Kenya from Alister

First things first, let's talk about what an RFP is. An RFP is a request for proposal. When companies and organizations have an IT problem that they need a solution for, they will post an RFP looking for potential vendors to meet said IT needs. RFPs will typically include some background information on the organization and what type of business they are conducting. They will also contain a description of what solution they are looking for, and a statement of work describing what services will be required. Finally, they will end with directions on how to submit a proposal.

With that in mind, let's look at what you should be including in your website development RFP. The truth of the matter is that web design agencies frequently receive all kinds of proposals, and they are more likely to respond to ones with clear and concise specifications.

To ensure you have a knockout RFP, there are several key sections that need to be included:

  • There should always be an introduction to the company and its background. This opening statement can include items like what your company does, why it needs a new website, and what sort of work you are looking for. 
  • You should always list your budget in your RFP. This easily allows vendors to decide if its a project they can take on or not. For anyone new to the website world, things can seem a little daunting when deciding what to budget for. We recommend checking out Clutch, where you can search for agencies and read up on their reviews. Project descriptions and budgets are often mentioned, which can give you a starting point for your own budget!
  • Your RFP should also include expected delivery dates and timelines. This should be a realistic timeline, and should accommodate for the review and approval process. Just like Rome wasn’t built in a day, neither will your website! Make sure you account for revision time.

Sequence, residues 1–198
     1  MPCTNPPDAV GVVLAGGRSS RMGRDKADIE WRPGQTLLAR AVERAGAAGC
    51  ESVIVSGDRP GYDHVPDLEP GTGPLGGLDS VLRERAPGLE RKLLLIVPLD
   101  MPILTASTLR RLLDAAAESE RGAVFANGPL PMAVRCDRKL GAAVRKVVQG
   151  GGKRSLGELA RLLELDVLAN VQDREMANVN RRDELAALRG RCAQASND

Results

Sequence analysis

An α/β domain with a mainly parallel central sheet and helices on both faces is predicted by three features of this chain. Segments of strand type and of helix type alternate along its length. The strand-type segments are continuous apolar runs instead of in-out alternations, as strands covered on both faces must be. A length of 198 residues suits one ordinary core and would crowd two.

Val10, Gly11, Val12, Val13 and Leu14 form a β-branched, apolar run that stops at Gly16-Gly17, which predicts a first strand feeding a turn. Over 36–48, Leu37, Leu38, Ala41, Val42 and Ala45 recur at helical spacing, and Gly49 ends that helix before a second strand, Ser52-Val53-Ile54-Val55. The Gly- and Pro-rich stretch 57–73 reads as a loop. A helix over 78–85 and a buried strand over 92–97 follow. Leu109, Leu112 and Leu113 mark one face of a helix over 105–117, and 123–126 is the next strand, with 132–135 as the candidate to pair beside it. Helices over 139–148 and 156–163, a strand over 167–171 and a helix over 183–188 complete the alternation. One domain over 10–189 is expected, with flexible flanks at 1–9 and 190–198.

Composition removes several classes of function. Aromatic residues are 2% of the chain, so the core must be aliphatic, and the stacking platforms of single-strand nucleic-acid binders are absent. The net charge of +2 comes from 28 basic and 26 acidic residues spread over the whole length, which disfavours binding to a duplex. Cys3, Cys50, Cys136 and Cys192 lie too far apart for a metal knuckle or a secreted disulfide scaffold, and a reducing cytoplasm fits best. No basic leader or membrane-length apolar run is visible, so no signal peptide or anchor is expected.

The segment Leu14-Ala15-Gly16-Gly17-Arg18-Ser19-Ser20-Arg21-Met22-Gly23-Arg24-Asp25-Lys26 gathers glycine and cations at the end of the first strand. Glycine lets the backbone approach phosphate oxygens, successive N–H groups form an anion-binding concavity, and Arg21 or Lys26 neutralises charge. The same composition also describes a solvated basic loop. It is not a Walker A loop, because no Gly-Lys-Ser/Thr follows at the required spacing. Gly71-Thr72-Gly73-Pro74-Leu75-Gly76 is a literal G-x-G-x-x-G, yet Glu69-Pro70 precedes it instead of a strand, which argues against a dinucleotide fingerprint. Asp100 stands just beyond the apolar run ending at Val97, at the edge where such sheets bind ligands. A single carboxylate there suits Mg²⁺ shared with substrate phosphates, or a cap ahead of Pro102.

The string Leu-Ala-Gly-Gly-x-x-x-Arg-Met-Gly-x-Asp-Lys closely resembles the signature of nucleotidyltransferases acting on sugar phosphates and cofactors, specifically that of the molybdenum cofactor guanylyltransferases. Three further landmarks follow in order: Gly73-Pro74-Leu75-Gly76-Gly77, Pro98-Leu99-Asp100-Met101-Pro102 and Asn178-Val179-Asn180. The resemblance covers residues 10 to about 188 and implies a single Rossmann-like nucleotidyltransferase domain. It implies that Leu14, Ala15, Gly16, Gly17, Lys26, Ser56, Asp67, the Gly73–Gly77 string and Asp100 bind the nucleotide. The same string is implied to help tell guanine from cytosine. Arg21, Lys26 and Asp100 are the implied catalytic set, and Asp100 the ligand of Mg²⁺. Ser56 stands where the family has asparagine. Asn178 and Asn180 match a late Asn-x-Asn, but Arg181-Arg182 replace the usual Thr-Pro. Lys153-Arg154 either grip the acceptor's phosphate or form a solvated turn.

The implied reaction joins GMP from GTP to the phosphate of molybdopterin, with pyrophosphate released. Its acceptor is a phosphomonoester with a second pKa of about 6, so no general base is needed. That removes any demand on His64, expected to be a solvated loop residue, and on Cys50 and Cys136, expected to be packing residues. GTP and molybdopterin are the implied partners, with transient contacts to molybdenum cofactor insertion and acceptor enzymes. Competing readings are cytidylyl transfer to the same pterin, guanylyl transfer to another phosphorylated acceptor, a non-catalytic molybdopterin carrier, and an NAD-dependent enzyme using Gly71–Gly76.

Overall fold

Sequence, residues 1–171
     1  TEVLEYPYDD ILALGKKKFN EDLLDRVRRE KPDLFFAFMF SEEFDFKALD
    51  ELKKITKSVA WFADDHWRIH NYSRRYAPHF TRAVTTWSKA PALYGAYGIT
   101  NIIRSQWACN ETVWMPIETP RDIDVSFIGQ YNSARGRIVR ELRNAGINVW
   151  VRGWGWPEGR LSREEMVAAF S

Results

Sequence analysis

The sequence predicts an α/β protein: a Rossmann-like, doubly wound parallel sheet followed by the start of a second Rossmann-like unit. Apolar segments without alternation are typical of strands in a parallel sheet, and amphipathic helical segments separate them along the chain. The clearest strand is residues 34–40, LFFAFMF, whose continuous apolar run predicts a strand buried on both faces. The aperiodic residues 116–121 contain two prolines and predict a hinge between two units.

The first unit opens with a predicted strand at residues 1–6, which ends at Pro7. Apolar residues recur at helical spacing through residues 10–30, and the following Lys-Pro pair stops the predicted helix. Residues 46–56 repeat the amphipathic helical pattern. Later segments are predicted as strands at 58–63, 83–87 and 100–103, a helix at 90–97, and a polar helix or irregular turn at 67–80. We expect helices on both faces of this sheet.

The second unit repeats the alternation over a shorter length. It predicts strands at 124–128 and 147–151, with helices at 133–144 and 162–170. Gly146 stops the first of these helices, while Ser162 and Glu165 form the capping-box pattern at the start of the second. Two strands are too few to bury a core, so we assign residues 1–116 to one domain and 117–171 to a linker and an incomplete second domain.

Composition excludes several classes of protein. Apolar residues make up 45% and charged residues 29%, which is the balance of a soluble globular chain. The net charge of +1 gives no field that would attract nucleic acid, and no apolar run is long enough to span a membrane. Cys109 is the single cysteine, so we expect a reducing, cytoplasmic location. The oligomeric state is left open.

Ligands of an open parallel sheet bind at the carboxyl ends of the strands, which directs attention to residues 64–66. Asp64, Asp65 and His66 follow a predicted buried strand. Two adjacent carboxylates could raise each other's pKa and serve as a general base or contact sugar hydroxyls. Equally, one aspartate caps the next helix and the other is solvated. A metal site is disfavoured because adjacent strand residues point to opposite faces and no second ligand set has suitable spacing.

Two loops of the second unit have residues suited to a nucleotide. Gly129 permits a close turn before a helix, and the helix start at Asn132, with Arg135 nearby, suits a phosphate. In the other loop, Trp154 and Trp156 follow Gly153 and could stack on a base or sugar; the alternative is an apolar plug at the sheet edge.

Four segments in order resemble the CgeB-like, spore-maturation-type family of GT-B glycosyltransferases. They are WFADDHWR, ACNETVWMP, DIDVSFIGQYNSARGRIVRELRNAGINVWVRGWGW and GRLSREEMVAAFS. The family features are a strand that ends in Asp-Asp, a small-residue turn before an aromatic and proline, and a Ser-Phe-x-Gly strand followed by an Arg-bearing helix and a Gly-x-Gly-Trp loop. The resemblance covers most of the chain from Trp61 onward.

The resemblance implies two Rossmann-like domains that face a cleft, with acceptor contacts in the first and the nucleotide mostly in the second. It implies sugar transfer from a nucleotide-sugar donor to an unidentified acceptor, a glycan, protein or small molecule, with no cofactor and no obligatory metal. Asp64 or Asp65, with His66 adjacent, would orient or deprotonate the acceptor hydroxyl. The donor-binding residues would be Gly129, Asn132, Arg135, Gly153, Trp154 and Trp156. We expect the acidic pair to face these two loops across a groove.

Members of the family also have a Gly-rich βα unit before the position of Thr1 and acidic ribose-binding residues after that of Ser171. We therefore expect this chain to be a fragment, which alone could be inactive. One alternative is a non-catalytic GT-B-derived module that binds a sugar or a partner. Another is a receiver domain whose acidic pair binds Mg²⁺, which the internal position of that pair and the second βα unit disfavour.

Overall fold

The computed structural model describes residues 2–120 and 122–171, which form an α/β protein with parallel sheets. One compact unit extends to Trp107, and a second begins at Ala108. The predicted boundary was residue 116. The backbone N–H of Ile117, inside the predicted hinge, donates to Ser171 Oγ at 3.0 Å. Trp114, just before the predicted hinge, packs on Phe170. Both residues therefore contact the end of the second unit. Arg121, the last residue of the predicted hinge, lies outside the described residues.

• The next step is to identify any challenges you are currently having with your website. Maybe the current site is too confusing to navigate, or maybe the tone doesn’t quite match that of your brand. This will show the vendors what problems need to be solved in order for the new website to work for you.
  • Perhaps the most important part of the whole RFP is to include your goals for the website. Maybe you want more traffic on certain pages, or a better presentation that fits with your brand. This is the part where you can write what you hope to achieve with this website redo.
  • Next, you should consider who your users are. Are they people who understand the tech world? Are they people who need bigger font sizes and simple to use features? This can help the website developer develop something that fits your users needs, and helps them consider the specific user experience.
  • Other key information for your RFP includes what your current web presence looks like, and some examples of what you hope to see in your future site. Perhaps you’ve found a website you love, and you want to mimic some of these designs. Finally, you should always finish off with how vendors can submit their responses to your proposal.

One important thing to keep in mind while writing your RFP is to keep it simple! You don’t need to include fancy words or data that confuses the reader. Presenting vendors with facts and a detailed yet simple outline of what you are looking for makes things easier for everyone. There are several templates online, and these can help you find something that works for you and your brand. So take a deep breath, grab some coffee, and get started on your RFP. You got this.